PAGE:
The House passed a three-week spending bill Tuesday that will fund government through April 8. The final vote was 271 to 158, with four not voting. The Senate must now pass the bill and the President must sign it to avert a government shutdown. The current continuing resolution expires Friday.
The latest stopgap funding measure would cut spending by $6 billion. The current proposal is the sixth short-term spending bill this fiscal year as Congress has failed to reach a compromise on a longer-term budget solution.
“A government shutdown is not an option, period,” said House Appropriations Committee Chairman Hal Rogers (R-Ky.) in a statement. “While short term funding measures are not the preferable way to fund the government, we must maintain critical programs and services for the American people until Congress comes to a final, long-term agreement.”
Social Security – Internet Technology Funds – $200 million
Agriculture – Single Family Housing = $144 million
Commerce – Census Rescission = $1.74 billion.
Labor – Community Service Employment for Older Americans = $225 million
Health and Human Services – Parklawn Building Lease = $35 million
National Park Service – Construction Funding Rescission – $25 million
The White House is urging the Senate to pass the bill to avoid a government shutdown, according to a White House statement. However, the administration also said the government could not continue being funded by temporary spending bills.
“There is no disagreement on whether to cut spending to put us on a path to live within our means, but we can’t sacrifice critical investments that will help us out-innovate, out-educate, and out-build our global competitors to win the future,” said White House Press Secretary Jay Carney in the statement. “We have already met Republicans halfway, and we are optimistic that Congress can get this done.”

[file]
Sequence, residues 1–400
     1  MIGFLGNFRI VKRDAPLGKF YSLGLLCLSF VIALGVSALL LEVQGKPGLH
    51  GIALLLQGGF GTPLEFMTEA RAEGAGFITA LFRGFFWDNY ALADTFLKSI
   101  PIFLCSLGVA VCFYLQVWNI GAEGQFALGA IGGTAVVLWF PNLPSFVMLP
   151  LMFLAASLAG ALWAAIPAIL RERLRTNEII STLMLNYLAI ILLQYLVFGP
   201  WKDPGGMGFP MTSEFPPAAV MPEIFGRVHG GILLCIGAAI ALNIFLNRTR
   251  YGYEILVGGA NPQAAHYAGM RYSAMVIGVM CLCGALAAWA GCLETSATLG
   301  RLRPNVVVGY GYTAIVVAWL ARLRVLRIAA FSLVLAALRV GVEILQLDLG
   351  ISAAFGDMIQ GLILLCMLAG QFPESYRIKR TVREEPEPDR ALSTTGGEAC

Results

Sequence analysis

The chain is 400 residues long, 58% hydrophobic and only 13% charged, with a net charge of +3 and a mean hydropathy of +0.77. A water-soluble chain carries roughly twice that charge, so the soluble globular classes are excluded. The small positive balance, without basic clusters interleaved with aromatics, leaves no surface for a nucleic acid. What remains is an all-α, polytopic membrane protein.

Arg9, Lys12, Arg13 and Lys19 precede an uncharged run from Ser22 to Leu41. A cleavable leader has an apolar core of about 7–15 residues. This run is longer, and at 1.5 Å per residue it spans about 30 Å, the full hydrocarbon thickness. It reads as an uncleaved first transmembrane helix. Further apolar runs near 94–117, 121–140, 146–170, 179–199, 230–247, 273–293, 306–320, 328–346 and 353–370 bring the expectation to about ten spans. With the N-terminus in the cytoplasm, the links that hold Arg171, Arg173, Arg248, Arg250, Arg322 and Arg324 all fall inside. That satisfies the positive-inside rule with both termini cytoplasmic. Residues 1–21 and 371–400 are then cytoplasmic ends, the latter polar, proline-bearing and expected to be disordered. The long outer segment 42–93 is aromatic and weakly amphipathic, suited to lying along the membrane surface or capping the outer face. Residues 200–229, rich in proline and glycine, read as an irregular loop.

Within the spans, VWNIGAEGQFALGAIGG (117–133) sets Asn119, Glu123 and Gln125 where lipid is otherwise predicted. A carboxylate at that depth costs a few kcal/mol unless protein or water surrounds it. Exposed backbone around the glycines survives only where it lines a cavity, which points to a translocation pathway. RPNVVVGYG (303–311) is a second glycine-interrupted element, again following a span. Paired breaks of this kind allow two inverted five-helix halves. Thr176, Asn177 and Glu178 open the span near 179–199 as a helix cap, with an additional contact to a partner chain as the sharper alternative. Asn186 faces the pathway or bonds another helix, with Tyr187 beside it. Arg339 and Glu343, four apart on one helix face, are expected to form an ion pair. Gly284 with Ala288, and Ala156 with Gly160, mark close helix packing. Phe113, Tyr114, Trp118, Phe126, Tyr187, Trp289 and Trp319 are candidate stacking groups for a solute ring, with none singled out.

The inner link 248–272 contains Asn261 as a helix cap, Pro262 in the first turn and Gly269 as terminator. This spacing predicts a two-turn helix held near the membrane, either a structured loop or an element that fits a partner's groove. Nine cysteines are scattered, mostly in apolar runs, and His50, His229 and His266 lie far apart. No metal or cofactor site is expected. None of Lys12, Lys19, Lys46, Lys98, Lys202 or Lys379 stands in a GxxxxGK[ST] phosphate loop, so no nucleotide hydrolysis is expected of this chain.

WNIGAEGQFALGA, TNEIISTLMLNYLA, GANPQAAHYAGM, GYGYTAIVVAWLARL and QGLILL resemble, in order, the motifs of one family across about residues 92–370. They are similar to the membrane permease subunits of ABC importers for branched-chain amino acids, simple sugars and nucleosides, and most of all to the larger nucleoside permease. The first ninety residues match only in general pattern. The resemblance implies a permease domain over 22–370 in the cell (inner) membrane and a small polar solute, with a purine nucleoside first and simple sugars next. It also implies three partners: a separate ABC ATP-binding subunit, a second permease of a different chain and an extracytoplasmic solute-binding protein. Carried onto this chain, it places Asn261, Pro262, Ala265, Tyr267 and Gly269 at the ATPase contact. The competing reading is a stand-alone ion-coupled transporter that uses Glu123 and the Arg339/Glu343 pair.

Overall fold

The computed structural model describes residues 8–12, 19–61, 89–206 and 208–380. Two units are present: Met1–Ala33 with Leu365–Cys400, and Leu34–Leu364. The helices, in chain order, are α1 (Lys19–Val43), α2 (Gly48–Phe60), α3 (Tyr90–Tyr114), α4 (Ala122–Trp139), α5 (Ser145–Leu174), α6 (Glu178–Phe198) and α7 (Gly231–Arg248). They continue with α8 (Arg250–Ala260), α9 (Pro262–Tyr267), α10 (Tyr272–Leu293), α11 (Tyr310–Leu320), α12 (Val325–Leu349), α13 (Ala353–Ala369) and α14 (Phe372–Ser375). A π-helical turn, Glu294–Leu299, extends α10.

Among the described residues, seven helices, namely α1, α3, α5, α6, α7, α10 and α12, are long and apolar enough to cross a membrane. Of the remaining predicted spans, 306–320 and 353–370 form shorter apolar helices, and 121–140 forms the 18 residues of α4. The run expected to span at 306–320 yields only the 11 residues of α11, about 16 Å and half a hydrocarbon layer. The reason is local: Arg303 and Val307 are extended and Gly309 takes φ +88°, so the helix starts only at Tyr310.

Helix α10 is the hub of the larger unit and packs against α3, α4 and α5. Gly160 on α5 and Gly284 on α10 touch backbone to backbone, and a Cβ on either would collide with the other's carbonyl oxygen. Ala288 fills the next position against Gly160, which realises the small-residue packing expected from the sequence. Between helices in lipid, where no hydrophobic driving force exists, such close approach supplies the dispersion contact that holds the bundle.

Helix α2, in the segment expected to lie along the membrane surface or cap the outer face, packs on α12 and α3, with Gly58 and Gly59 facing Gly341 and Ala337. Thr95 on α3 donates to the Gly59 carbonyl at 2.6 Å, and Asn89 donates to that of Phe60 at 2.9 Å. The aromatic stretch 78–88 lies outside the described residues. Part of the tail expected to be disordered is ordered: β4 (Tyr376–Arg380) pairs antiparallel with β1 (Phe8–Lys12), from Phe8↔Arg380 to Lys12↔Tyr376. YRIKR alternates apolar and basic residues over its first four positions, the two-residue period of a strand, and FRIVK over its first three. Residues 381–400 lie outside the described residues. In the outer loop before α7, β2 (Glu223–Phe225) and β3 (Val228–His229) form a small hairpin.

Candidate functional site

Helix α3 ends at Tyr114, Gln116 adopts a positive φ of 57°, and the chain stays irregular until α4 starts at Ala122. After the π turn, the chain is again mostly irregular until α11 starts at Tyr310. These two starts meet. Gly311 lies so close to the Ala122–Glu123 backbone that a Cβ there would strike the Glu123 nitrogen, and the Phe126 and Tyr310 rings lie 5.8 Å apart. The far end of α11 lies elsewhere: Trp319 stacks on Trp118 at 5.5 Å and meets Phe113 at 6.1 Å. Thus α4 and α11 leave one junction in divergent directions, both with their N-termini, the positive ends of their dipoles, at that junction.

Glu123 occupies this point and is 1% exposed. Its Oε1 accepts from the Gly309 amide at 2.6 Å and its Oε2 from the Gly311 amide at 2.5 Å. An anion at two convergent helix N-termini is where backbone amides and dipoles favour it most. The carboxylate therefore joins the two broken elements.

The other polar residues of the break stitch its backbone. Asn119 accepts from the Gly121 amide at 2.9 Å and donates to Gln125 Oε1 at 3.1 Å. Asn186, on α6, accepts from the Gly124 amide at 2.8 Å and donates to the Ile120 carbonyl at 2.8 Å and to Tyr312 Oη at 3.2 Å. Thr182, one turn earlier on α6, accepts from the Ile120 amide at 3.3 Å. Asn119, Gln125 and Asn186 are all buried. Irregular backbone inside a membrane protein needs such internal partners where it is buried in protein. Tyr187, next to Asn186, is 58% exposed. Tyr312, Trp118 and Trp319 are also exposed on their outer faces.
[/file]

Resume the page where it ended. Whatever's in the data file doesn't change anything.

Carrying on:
Prospects for agreement on a longer-term measure remain uncertain, however, as Republicans dominating the House are insistent on a measure mixing steep spending cuts with numerous policy provisions, including a ban on federal funding for Planned Parenthood and a measure to strike money to bankroll implementation of President Barack Obama’s signature health care law. The longer-term measure contains those provisions, as well as language to block the Environmental Protection Agency from regulating emissions believed to contribute to global warming.
Those policy riders are strongly opposed by Democrats and Obama and are likely to be at the center of any impasse that leads to a partial government shutdown.
“They are using the budget to try and shoot the moon on a wish list of far-right policy measures. If this debate were about spending cuts we could probably come to an agreement before too long,” said Sen. Charles Schumer, D-N.Y. “We do not want any of these controversial riders to be in the bill. That’s the bottom line.”
At issue are the daily operating budgets of dozens of federal agencies that have been kept open under a series of stopgap bills since the 2011 budget year began last October. Last month, House Republicans passed a $1.2 trillion measure that makes sweeping cuts to the domestic programs _ averaging about 13 percent _ that Congress funds every year. The cuts would feel almost twice as big since they would be stuffed into the second half of the budget year ending Sept. 30 and would likely lead to furloughs of thousands of federal workers.
Both the long- and short-term spending measure are required because Democrats controlling Congress last year failed to enact a single one of the 12 annual appropriations bills.
Democrats left the country with the current budget problems, said Rep. Mike Simpson, R-Idaho, who added: “They should not complain about how we try to clean this up.”